Immediately following Hall H's hour of rollicking zombie goodness, the same group of actors and creators including "Walking Dead" creator Robert Kirkman and star Andrew Lincoln, who plays Rick Grimes, assembled across the street at the Hilton San Diego Bayfront for a smaller sit-down with select Comic-Con media including CBR News.
Lincoln boasted to the assembled press corps that he does indeed have the coolest job in the world: shooting zombies.
"It's changed my life in as much that I don't want to ever do any other job, because I love this one. I love playing this character and I love my day job. My job is the coolest job on the planet. I go to work and shoot zombies for a living," Lincoln said. "I call America and Georgia my home now. We have a very extraordinary life where we live more in America than in England. This is kind of extraordinary. We do this amazing thing, this incredible job, the best job I've had, with amazing practitioners and a wonderful crew."
In the show's third season, a new setting will take center stage: the town of Woodbury, which includes a former prison turned zombie safe haven. Don't expect prison walls to make life normal, Kirkman warned.
"There is no normal in this show. It's going to be very different from what we've seen before, just like season two was very different from season one," he said. "This is a natural progression in these characters' journey, and in finding some way to survive in this world. I'll say it's not all birthday cake and surprises once they get to the prison. It's still very dangerous."
Kirkman was asked how the addition of Glen Mazzara as executive producer, originally brought on by former showrunner Frank Darabont, has shaped season three.
"Look, I will say that the second half of the second season is a good indication of Glen's style, and how that really ramped up in a really cool way and was much more fast-paced, a little more gritty. I think that definitely continues into season three," Kirkman said of Mazzara's style. "Bringing in his sensibilities from 'The Shield' over to this show has been a tremendous benefit. Just working under his leadership, which all of us have been doing [and] watching him craft this show into what it has become. I think he's a remarkable human being and is doing a fantastic job and I couldn't be more proud the work we've done on season three. I think once you get to see it all you'll be blown away."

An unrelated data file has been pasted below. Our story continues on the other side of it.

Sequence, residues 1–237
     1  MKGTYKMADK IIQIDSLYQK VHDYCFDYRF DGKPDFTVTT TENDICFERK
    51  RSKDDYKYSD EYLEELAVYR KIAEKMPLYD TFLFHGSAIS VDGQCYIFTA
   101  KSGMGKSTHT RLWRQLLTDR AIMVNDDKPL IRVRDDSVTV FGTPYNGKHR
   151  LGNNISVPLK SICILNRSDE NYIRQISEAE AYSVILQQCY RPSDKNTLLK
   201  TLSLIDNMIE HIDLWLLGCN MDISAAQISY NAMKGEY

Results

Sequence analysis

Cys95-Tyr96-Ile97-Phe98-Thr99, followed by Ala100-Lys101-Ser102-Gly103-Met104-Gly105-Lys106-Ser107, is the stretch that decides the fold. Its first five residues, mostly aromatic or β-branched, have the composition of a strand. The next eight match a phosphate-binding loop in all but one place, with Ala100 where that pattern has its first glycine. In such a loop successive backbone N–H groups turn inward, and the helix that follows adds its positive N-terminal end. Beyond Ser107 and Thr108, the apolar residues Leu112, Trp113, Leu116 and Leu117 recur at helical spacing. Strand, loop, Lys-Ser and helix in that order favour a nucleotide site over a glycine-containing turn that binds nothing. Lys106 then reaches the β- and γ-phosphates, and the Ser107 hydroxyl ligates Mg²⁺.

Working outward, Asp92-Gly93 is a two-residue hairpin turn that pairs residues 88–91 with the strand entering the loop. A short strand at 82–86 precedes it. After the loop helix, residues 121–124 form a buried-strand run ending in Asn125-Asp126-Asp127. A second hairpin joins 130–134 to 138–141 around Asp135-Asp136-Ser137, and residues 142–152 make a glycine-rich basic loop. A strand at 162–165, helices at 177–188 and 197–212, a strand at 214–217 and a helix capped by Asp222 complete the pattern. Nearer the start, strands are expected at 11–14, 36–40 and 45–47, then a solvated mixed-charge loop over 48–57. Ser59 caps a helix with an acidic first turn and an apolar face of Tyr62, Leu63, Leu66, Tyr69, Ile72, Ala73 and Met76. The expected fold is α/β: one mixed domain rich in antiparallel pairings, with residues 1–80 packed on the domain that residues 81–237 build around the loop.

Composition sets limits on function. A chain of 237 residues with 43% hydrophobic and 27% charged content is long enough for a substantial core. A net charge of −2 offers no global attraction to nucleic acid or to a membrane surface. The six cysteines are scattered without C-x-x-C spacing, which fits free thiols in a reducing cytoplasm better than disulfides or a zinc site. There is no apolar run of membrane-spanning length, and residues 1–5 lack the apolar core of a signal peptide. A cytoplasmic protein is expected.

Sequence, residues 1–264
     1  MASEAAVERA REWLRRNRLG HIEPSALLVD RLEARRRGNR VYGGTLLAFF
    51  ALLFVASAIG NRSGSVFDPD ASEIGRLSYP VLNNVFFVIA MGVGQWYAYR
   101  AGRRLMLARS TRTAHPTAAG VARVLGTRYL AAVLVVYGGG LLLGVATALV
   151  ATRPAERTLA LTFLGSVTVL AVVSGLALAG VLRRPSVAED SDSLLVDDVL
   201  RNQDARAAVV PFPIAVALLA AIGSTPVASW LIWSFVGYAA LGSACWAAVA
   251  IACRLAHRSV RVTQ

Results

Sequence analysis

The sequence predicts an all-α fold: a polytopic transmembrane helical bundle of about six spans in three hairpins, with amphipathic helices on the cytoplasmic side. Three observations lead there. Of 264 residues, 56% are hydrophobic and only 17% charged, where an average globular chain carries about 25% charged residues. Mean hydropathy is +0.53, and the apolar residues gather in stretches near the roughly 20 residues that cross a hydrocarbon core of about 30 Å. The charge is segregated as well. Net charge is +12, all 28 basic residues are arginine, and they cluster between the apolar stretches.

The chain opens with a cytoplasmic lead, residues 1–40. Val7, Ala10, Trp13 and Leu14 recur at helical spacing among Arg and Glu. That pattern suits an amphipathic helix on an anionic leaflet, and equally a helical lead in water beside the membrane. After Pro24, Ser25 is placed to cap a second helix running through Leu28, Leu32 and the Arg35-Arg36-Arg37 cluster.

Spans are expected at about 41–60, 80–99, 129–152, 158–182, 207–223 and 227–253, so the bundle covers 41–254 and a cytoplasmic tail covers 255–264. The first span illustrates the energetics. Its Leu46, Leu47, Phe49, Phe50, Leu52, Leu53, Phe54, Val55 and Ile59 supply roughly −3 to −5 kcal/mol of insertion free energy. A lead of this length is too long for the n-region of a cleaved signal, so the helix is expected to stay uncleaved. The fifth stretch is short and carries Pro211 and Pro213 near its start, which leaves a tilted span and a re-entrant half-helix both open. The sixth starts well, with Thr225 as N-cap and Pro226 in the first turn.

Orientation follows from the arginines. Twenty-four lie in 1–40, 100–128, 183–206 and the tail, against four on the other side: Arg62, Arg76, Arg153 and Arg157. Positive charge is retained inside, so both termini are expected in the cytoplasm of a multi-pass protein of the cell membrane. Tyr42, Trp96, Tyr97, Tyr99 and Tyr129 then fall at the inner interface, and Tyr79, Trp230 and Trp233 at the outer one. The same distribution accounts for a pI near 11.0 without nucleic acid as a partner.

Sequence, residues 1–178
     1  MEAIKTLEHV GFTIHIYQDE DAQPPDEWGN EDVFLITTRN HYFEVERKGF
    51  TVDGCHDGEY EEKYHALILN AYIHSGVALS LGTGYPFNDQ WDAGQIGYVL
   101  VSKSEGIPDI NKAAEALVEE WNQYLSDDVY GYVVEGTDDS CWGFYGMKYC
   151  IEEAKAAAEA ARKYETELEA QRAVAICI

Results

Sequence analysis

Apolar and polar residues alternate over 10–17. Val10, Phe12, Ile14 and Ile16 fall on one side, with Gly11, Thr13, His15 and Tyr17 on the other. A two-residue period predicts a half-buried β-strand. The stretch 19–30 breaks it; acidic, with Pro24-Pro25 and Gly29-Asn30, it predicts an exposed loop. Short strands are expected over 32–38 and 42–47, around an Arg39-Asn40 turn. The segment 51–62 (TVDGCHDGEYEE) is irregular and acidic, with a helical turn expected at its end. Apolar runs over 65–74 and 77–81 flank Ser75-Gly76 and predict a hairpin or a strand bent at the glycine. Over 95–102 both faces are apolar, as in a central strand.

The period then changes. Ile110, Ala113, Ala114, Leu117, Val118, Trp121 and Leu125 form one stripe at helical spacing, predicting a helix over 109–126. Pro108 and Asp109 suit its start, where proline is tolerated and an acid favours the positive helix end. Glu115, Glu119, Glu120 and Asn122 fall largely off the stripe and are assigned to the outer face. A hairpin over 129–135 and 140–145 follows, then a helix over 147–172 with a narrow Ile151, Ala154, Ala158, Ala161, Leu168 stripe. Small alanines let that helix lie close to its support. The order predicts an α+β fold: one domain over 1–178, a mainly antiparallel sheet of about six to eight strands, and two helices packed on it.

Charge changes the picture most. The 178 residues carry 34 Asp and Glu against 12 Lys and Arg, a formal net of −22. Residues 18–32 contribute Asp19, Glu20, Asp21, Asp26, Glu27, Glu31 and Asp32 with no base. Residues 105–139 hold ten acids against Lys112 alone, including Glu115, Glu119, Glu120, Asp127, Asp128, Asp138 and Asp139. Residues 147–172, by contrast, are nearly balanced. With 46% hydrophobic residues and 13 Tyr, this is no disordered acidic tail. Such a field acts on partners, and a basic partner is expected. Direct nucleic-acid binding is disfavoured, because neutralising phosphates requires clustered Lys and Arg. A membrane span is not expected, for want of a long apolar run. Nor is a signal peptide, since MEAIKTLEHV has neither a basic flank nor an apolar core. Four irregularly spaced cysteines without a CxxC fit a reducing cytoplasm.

Kirkman stopped and said what he was saying sounded like nonsense that anyone would say to a group of reporters, but promised that wasn't the case.
"I'm constantly shocked by the things we're able to pull of, and it's due in large part to things [Mazzara's] doing," he concluded.
Kirkman was asked if he's ever "held back" on a character for personal reasons. He admitted that he had, especially in the comic book.
"Glen has spoken publicly about how Hershel was originally going to die at the end of the second season. That was something that we came up with in the writing room, we really liked what it did, how it laid out the story, how it factored into the Shane/Randall scenes -- it was very much involved in how Randall escaped and when Shane went after him," Kirkman said. "But as we came up with it, we got into the scripting process, it just wasn't working. We said we can't lose this guy. He represents a lot of things. The scene wasn't coming together the way we wanted it to, so he gained a reprieve," Kirkman said. "It's happened in the comic a lot. There have been multiple times where I've been building toward something. A lot of times when you're plan a story you don't get into the nitty gritty of making it all make sense. You say, 'It'll be cool when this event happens.' As I'm working toward that event, you start noticing the characters being bent towards that event. I'm always trying to be mindful of that. If I'm stretching the characters out of their comfort zone, or making them not behave the way they should behave in order to get to something, I cut it."
One character that has had his comfort zone challenged over and over again is Lincoln's Rick Grimes. Calling him "the greatest character I've had the privilege of playing," Lincoln said by season three, he doesn't know if he's a good guy or a jerk, but he knows he's no superhero.
"He's certainly more uncompromising. It's not a democracy anymore. He's sick and tired of people dragging their heels. It's at this point, he's gone through his worst 48 hours since the killing of Shane. He had to kill his best friend for this group of people. He's furious, and he's conflicted," Lincoln said of the character. "The great thing about this character is, I don't see him as a superhero at all. I think the great thing about the graphic novel, the thing that really intrigued me, was that the central character is a man who begins in one place as a sheriff, he couldn't be more the embodiment of law and order -- and he gets thrown into this leadership role, and he has to make these hard decisions.
"Some of them are wrong, some of them are bad and some of them are great," the actor continued. "And that's the fascinating thing, you're still rooting for this guy who hasn't [made] some of the greatest decisions, but you feel some allegiance because he's still driven by a moral center."
Lincoln raved about the teaser trailer the creators did for season three, a teaser that contains no dialogue.
"I think it's one of the best, it's brilliant. You learn absolutely where this group are within four, five minutes: they've survived. And they've survived because of Rick," Lincoln said. "They know he's the leader, and they've trusted him. They become this tight-knit family that knows each other and reads each other's signals. That's why there's no dialogue. You also find out the pressure they're under. It's a big factor, certainly in the first six episodes. The pressure they're under is enormous."
Stay tuned to CBR News for more on "The Walking Dead" Season 3.